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DEVELOPMENT: EU, ACP to Sign New Trade and Aid Pact

Brian Kenety

COTONOU, Benin, Jun 23 2000 (IPS) - After 18 months of negotiations, the African, Caribbean and Pacific (ACP) group and the European Union (EU) will sign a new trade and aid partnership agreement here Friday to replace the Lome Convention which has governed relations between the two blocs since 1975.

To a much greater degree than the Lome Convention, the new partnership agreement “is based on respect for human rights, democratic principles and the rule of law, and good governance,” says the EU executive Commission.

The Cotonou Agreement, as the accord is to be known, focuses on poverty reduction as its principal objective, to be achieved through political dialogue, development aid and closer economic and trade co- operation.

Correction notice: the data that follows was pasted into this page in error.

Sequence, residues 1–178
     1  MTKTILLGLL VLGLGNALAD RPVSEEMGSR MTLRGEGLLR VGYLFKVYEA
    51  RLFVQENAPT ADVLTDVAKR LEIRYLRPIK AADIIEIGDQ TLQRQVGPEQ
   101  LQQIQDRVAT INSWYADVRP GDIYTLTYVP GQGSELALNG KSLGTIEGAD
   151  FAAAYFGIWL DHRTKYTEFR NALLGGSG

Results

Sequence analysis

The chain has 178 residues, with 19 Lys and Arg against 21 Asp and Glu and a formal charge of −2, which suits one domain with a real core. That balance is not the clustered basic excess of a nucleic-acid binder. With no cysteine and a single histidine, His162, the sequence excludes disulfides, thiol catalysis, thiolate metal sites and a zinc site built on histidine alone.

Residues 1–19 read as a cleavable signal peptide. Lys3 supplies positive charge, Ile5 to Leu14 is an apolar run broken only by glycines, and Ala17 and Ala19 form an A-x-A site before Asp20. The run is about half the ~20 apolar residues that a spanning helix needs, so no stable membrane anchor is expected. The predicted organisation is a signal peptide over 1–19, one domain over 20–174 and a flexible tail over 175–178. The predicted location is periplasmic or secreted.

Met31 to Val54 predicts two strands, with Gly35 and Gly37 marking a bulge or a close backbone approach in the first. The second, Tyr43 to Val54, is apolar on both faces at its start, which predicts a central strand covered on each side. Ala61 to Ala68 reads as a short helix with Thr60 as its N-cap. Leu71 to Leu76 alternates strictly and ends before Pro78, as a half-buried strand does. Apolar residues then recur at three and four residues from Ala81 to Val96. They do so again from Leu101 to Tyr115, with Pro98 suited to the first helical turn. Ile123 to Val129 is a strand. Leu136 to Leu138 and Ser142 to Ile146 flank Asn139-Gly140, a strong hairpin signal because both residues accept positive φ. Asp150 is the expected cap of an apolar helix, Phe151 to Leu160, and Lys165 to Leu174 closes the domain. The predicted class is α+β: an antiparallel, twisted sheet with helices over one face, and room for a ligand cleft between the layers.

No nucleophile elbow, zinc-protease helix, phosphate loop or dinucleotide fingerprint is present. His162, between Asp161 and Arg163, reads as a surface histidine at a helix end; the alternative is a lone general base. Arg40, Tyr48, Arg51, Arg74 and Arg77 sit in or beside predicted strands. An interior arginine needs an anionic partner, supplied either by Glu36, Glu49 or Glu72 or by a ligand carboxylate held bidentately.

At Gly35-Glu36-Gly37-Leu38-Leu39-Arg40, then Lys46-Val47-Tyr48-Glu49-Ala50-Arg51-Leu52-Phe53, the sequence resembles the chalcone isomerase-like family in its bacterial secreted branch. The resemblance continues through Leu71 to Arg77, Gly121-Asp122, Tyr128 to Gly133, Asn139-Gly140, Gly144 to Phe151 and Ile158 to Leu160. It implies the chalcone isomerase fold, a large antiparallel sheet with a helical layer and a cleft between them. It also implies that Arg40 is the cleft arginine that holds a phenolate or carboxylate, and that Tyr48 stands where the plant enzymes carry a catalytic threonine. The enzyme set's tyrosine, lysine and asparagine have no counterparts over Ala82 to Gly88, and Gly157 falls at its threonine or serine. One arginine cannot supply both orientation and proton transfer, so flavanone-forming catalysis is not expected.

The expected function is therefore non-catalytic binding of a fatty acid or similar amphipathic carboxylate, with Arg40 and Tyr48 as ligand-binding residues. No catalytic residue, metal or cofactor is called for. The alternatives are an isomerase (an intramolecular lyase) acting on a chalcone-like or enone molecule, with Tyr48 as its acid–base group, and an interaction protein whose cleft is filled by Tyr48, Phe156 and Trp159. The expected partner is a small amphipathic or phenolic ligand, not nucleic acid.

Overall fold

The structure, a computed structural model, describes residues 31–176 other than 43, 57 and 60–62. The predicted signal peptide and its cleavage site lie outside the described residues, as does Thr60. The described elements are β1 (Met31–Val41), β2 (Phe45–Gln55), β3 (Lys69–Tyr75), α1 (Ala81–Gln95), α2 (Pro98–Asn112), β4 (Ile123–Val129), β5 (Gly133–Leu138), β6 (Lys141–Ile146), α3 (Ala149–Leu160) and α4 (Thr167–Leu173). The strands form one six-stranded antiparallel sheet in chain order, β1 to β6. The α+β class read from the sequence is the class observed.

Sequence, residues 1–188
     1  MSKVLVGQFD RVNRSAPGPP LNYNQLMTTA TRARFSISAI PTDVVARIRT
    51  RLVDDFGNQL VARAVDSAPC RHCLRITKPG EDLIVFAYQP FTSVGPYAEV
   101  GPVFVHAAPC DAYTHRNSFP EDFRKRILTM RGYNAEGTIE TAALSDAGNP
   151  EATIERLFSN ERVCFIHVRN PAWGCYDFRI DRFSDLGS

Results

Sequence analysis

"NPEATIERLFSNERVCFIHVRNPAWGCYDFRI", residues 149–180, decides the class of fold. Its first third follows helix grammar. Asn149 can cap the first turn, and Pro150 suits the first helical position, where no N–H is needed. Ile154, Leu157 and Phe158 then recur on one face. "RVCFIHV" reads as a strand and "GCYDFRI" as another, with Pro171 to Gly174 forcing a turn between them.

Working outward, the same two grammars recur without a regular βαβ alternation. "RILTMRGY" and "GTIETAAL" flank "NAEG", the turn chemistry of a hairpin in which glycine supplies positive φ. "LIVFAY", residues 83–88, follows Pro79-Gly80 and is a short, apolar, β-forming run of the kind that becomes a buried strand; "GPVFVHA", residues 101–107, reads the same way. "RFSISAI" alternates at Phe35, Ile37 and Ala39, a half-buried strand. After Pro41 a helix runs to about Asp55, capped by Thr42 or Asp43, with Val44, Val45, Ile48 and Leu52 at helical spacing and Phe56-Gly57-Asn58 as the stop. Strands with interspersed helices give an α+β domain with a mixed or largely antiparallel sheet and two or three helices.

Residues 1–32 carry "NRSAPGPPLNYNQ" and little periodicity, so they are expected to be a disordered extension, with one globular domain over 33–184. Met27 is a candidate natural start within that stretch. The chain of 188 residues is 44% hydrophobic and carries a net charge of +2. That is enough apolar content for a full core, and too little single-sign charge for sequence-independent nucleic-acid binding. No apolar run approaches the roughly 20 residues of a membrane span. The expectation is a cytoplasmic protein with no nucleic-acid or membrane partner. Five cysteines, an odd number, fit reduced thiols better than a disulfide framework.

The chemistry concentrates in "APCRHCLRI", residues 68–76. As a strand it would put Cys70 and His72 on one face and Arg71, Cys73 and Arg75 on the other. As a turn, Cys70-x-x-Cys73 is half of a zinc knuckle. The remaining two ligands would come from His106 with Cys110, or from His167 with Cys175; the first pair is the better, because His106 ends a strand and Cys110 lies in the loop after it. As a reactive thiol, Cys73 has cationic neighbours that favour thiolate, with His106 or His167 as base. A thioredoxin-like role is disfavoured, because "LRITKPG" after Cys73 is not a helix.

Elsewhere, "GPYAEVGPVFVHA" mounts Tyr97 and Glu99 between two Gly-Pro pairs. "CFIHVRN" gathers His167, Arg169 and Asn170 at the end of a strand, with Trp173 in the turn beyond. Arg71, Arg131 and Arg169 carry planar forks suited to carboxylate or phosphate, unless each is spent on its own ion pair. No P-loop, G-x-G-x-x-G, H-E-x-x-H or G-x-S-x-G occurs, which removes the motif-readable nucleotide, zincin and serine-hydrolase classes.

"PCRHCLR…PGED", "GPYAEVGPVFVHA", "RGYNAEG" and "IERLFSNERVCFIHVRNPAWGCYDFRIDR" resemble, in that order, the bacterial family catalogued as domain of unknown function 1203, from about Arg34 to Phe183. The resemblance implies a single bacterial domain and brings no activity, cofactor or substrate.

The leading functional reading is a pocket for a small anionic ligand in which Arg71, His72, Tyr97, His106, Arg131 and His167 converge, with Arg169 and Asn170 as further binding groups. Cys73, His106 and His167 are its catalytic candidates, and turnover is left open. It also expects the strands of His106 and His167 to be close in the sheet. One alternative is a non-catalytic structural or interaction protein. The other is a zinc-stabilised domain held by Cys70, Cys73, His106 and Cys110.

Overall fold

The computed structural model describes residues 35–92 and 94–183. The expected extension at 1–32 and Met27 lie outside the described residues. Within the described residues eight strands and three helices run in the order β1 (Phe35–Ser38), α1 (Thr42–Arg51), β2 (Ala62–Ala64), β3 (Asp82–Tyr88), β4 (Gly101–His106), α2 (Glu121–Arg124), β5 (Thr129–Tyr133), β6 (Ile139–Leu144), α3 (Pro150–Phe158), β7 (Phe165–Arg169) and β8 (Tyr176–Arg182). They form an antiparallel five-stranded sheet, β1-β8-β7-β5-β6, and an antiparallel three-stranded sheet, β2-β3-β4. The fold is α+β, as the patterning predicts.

It also allows for a more “flexible response” in terms of crisis management, says Poul Nielsen, EU Commissioner for Development Co-operation and Humanitarian Aid, whereas under the Lome Convention the mechanisms could be compared to “total retaliation policies of the Cold War.”

At a news conference late Thursday evening at the conclusion of the joint ACP-EU ministerial council here Nielsen said that the EU “needed someone to talk to (à) who could bring some credibility, no matter what our opinion” to discussions.

The meetings, however, were dogged by the shadows of Cuba and Fiji. The Fijian capital Suva was the original site for the signing of the new EU- ACP agreement. A coup d’etat last month necessitated a change of venue.

Top EU officials here have been carefully guarded in commenting on the situation in Fiji. Nielsen himself said the EU did not “wish to jump to conclusions” regarding the ongoing political crisis in the tiny pacific island nation.

But pressed by reporters to send a “message” to the people of Fiji, Nielson added that “we are not at the end of this process. We are not giving a message to the people of Fiji.”